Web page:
9 July 2020
The British Dental Association (BDA) has added its support to a letter from the Cavendish Coalition to the Prime Minister about concerns over the proposed points-based immigration system and potential impact on the social care sector.
The letter outlines the precarious position of social care and the need to ensure future immigration proposals to take account of this. It highlights that although the proposed new system does include migratory routes for registered health and care professionals, it excludes social care staff.
Those working in social care, especially care homes have a role to play in maintaining the oral health of residents. Staff shortages could mean oral health care is not prioritised, causing unnecessary dental pain and complications for care home residents.Chair of the BDA’s England Community Dental Services Committee, Charlotte Waite said:
“Oral health hasn’t always been a priority in care homes, and during the current pandemic, the situation has become even more precarious.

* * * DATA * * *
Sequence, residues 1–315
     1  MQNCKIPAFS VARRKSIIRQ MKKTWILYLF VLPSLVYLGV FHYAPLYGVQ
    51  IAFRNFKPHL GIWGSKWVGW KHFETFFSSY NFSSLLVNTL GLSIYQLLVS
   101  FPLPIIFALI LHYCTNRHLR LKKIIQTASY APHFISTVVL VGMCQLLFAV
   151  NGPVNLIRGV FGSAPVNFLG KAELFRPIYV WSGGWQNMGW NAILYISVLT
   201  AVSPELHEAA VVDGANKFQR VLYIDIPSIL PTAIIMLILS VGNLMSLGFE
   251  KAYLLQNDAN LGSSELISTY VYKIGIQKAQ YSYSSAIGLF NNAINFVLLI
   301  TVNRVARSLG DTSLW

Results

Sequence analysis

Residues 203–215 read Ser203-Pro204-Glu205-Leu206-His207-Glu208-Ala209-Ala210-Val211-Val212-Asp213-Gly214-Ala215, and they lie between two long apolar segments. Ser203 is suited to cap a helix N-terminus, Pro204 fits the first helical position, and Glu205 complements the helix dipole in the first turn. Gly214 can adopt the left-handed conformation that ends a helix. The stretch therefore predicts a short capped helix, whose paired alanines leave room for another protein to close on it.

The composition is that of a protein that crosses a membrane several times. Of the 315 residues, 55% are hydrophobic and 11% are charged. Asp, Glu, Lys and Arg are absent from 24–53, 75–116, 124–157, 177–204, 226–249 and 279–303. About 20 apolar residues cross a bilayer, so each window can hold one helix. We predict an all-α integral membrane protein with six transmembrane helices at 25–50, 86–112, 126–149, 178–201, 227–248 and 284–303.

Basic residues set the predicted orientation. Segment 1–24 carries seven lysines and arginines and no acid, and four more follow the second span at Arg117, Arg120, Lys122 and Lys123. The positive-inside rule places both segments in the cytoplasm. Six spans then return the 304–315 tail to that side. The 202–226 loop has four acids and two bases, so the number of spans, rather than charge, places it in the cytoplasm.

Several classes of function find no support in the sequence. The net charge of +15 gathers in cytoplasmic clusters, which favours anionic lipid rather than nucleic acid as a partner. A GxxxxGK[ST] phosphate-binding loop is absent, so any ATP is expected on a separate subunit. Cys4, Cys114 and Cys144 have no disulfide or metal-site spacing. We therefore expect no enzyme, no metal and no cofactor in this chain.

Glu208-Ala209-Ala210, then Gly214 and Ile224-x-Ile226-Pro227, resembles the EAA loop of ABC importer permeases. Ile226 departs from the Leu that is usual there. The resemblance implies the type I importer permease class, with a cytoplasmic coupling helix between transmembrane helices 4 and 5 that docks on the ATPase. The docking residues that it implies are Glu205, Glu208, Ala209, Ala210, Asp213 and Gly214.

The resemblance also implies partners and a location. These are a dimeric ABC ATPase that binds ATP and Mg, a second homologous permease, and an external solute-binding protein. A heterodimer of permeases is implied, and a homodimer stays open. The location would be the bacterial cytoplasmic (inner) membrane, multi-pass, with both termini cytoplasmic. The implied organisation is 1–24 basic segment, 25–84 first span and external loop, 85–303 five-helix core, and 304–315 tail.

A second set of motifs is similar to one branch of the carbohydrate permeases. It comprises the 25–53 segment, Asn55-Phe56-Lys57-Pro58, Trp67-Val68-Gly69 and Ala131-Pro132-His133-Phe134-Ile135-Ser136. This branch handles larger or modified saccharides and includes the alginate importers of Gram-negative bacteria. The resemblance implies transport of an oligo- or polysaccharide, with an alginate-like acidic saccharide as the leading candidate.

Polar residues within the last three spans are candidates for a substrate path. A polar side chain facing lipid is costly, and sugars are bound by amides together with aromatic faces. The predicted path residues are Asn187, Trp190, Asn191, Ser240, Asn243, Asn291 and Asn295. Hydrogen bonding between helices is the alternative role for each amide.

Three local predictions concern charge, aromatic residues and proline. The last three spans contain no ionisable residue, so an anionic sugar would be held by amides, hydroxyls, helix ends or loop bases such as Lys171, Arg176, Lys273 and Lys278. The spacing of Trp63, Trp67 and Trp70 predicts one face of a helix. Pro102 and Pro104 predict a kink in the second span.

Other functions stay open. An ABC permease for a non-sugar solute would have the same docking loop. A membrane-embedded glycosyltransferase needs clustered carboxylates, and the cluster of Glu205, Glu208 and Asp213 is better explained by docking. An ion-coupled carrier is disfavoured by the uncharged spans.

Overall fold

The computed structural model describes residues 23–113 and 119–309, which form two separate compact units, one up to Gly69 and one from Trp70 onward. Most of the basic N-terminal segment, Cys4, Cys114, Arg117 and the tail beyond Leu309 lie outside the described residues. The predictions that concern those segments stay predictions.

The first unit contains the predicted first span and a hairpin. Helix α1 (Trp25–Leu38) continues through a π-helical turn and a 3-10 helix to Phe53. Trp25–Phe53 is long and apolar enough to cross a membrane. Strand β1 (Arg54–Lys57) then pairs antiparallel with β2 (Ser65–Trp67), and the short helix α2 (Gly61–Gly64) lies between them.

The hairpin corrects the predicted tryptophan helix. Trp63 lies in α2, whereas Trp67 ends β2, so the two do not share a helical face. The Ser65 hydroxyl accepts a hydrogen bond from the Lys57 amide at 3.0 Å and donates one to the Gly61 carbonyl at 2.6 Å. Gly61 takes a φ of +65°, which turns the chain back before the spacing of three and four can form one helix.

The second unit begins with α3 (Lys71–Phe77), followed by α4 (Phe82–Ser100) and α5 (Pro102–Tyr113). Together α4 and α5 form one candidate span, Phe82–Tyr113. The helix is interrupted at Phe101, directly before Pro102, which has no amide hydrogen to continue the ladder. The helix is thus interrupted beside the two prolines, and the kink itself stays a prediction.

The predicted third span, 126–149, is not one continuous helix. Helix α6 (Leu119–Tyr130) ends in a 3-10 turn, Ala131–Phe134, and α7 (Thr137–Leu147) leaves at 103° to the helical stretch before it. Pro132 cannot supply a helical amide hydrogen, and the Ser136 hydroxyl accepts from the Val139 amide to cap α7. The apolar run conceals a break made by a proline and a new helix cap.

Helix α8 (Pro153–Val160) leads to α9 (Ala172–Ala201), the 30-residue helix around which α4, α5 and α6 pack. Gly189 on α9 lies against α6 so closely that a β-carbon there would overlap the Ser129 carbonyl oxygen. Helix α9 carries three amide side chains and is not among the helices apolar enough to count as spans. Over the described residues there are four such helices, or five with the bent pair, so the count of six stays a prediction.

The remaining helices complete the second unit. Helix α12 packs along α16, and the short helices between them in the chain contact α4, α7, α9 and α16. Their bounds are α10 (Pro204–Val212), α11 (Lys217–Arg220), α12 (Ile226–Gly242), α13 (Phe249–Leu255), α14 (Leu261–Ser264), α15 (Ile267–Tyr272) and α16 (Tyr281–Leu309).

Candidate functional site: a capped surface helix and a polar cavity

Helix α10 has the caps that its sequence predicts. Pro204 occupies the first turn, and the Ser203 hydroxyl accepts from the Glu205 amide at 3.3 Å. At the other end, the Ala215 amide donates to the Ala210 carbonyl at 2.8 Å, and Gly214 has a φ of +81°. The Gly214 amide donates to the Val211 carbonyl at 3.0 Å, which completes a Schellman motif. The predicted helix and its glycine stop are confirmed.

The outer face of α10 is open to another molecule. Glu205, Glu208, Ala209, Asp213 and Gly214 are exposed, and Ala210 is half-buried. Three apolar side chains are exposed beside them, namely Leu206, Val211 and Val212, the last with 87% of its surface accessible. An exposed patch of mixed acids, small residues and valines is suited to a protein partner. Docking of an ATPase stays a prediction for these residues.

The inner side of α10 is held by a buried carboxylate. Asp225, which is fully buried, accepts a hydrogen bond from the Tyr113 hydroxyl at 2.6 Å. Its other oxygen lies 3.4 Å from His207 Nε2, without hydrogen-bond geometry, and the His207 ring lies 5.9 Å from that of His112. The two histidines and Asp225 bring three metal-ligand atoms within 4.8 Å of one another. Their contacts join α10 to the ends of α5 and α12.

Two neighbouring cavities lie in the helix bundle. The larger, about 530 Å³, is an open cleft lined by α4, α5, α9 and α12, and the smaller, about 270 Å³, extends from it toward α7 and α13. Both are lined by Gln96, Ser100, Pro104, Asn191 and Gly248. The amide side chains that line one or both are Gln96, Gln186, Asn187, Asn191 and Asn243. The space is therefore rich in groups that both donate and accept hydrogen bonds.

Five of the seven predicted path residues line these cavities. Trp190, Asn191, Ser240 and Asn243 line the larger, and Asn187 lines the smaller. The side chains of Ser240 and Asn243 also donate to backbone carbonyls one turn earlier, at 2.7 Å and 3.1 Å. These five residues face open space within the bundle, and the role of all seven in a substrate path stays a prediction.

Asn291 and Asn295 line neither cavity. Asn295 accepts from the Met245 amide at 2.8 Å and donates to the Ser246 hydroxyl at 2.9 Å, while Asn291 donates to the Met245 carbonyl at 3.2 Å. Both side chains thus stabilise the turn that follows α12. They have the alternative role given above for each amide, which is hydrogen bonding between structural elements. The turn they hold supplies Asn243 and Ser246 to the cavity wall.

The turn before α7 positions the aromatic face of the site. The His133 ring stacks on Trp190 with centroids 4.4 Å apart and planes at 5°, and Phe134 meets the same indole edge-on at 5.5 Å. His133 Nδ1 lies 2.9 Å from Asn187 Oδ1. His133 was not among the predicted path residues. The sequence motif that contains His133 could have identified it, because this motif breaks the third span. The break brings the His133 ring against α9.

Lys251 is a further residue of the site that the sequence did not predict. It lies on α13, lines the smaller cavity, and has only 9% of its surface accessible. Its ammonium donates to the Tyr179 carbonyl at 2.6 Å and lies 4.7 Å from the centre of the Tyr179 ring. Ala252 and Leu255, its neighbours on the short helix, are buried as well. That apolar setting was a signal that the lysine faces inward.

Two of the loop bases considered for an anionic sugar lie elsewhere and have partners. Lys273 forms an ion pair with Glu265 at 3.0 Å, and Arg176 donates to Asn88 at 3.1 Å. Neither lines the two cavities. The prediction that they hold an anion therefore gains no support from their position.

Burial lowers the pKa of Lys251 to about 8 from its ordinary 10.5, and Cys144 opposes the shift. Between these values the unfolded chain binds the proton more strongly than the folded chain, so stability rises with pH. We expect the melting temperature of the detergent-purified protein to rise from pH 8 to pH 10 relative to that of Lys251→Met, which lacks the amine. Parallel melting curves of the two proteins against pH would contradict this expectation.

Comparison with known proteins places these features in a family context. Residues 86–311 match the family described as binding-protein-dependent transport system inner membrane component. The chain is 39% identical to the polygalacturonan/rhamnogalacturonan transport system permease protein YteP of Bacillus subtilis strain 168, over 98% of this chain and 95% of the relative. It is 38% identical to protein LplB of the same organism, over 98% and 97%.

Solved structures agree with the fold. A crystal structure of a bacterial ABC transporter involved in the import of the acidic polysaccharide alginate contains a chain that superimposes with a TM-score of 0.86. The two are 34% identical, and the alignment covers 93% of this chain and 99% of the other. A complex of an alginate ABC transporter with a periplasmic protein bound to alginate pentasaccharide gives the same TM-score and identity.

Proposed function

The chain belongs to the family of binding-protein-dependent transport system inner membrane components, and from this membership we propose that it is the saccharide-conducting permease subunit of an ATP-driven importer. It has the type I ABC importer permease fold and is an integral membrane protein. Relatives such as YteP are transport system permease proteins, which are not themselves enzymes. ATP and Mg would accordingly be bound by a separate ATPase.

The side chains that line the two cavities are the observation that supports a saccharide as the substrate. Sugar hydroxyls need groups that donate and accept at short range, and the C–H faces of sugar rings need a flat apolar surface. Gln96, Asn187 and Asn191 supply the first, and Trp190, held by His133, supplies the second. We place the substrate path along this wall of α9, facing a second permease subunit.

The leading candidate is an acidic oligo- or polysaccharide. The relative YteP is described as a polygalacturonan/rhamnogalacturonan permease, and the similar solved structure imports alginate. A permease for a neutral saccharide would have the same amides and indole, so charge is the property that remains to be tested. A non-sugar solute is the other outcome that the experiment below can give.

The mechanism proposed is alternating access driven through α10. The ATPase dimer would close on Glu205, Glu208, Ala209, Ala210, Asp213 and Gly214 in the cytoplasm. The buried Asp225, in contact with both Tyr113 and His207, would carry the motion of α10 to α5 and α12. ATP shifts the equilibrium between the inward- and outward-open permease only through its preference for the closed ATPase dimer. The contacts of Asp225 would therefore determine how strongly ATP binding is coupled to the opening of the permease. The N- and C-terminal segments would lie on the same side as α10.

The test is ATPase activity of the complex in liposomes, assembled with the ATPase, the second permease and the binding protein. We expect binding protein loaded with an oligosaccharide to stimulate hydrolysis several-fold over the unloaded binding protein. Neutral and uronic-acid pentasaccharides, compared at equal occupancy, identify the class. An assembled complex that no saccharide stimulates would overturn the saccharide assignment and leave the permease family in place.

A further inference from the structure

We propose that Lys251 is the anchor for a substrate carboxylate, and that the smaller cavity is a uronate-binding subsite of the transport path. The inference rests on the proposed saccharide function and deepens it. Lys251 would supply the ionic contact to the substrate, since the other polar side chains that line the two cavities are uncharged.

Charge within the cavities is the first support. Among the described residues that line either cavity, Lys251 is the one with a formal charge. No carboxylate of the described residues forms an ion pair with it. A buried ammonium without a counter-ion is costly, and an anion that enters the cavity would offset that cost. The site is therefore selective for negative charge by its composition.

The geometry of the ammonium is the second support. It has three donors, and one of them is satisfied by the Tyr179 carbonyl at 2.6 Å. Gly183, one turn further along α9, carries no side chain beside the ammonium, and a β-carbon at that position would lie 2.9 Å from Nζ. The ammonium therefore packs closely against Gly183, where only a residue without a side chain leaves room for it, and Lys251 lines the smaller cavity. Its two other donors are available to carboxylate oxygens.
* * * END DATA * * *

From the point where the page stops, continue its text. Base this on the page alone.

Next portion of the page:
“No vulnerable patient should ever be left in pain, unable to eat, drink or communicate. Sadly high turnover means many staff can lack adequate knowledge and training in how to care for oral health of their residents.
“Any new immigration system must provide a stable migratory route for social care staff – they are essential key workers, and the services they provide help contribute to the work other NHS staff do, including dental teams.”
The Cavendish Coalition is calling for Government to ensure a transitional solution is put in place for social care from January 2021 to ease the gap between the introduction of the new immigration system, and a longer term-plan and funding settlement for social care in England.
The Coalition feel that the impact of the Coronavirus pandemic has further highlighted the gulf between social care services and NHS services, exposing vulnerabilities in funding, market stability, data, Personal Protective Equipment (PPE), testing, and workforce issues.
The letter also highlights a recent survey of health and care workers, which shows one in five are likely to leave their roles following the pandemic, and that retention will become a growing problem for the sector.